“My hope is that the pandemic has taught us to extend grace to ourselves and to others. And I hope the pandemic is teaching us that it’s okay to just be versus always be doing.”

(6) Jennifer Bishop

Family: Jennifer and her husband, Scott, and their six-month-old son, Henry

Neighborhood: Huntersville

Employment: Jennifer owns her own event planning business, J. Leigh Events, and Scott is a mortgage underwriter

Childcare situation: Jennifer’s mother cares for Henry two days a week. Their nanny recently put in her notice, which has been a source of stress, so they’re hoping to find another one to give Jennifer more time to work during the week.

The hardest part: Missing the full experience of pregnancy and baby milestones.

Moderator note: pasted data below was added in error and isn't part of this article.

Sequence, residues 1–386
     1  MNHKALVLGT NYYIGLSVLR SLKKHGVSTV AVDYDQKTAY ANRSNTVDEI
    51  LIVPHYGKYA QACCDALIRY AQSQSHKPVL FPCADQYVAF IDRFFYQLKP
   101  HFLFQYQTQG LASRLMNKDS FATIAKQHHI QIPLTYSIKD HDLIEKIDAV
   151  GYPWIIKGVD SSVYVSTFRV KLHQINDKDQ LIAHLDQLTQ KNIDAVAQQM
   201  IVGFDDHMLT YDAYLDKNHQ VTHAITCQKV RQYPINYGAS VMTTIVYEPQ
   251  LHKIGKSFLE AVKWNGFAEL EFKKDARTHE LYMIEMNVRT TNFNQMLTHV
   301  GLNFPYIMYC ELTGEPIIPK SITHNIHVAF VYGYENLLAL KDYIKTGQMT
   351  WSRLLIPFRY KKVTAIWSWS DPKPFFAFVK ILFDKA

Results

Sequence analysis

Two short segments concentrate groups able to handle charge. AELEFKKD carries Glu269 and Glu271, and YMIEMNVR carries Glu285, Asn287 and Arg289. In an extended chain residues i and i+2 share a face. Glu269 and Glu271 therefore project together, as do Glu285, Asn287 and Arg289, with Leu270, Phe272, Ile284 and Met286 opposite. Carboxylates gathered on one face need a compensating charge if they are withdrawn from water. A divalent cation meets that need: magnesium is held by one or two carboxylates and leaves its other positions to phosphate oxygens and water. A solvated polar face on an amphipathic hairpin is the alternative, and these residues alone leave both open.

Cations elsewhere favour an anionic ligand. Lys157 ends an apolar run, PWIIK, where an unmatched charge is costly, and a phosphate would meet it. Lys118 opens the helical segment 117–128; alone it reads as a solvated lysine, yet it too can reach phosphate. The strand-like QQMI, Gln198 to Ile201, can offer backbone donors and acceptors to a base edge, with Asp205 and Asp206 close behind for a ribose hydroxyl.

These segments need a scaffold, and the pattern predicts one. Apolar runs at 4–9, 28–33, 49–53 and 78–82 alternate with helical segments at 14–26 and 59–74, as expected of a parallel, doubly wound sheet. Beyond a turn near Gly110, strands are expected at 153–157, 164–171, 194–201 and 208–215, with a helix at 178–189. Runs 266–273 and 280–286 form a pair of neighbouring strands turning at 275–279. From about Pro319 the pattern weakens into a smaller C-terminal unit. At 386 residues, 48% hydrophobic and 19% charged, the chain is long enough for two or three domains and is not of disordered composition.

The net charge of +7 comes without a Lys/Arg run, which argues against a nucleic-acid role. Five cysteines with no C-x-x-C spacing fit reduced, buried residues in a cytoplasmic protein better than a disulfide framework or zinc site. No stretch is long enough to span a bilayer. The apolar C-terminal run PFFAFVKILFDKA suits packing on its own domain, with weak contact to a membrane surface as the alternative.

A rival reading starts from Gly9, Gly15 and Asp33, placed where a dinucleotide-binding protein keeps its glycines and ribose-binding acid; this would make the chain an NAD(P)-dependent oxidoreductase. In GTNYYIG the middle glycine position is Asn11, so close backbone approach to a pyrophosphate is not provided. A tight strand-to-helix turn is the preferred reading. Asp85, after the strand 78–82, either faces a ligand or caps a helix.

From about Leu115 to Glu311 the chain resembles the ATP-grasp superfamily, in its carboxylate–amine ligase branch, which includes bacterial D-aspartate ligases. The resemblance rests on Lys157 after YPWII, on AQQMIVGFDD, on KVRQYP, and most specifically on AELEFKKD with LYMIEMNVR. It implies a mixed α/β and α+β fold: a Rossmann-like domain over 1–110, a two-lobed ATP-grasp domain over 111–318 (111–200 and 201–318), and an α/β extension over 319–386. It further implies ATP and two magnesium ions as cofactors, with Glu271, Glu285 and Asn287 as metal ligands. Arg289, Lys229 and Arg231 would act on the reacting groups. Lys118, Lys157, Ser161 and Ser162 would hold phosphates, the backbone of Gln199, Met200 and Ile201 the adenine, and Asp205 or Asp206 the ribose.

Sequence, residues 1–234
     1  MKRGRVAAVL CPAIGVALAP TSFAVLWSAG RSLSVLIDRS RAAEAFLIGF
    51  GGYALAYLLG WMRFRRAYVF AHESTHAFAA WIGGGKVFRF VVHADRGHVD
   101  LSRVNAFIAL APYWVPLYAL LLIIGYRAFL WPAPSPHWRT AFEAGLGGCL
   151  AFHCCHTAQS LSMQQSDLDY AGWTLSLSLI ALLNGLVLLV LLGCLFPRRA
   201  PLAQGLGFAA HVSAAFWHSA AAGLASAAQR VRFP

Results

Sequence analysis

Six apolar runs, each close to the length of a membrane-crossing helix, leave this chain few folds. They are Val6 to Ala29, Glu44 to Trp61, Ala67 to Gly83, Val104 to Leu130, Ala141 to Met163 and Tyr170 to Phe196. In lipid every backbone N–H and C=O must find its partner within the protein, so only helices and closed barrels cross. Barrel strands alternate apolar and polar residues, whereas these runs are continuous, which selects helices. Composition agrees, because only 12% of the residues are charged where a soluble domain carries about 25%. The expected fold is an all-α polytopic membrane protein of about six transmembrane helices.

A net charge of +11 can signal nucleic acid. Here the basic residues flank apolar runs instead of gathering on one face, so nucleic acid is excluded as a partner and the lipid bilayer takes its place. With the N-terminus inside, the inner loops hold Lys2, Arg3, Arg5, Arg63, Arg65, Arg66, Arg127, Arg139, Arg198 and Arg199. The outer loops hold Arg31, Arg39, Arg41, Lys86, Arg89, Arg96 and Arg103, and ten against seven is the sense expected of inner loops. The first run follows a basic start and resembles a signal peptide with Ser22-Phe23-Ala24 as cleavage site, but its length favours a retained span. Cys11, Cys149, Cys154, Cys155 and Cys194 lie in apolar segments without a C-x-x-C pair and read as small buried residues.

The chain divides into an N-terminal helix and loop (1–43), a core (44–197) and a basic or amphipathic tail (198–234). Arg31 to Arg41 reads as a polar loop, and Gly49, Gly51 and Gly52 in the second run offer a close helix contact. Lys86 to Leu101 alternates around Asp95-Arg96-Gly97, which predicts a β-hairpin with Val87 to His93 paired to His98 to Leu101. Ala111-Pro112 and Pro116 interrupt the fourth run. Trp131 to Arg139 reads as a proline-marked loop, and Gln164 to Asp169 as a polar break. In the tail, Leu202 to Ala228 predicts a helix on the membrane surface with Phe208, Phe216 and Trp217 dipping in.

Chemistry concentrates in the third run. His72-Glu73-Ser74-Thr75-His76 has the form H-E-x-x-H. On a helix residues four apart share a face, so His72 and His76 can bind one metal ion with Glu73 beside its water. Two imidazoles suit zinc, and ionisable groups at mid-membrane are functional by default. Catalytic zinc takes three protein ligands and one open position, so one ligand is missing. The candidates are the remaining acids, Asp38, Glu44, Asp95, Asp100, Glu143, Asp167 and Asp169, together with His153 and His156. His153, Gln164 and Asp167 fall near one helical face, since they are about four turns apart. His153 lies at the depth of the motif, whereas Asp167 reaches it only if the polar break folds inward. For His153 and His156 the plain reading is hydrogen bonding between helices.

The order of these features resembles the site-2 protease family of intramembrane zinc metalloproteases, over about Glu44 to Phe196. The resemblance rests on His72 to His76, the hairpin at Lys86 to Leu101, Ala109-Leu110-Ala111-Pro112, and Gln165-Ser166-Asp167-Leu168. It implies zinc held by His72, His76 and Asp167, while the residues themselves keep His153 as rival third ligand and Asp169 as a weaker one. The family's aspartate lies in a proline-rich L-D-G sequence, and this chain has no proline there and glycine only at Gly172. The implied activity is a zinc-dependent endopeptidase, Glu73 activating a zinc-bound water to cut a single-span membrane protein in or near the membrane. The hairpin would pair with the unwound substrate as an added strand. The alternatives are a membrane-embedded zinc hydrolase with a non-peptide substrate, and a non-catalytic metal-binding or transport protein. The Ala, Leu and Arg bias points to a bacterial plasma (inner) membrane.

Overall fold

Because of COVID, Scott was only able to attend three of Jennifer’s many prenatal appointments. Her baby showers happened over Zoom or as a drive-through, and they didn’t get to wander through the stores and touch and test items as they completed their registry.

Now that Henry’s here, the Delta variant has the Bishops hesitant to bring him out in public, particularly since he experienced health complications when he was born.

A bright spot: Getting pregnant. The Bishops had been trying for a while and were overjoyed when they found out they were expecting.

“While quarantine sucks, it brought us closer together as a couple and we’re enjoying this time with Henry.”

One thing about pandemic parenting: 

“I think people don’t realize the natural anxiety that already comes with being a new parent, and then you add something as scary as a pandemic to it. There’s just an extra level of fear, like, ‘Is this normal? Is this a first-time parent fear? Is this COVID?'”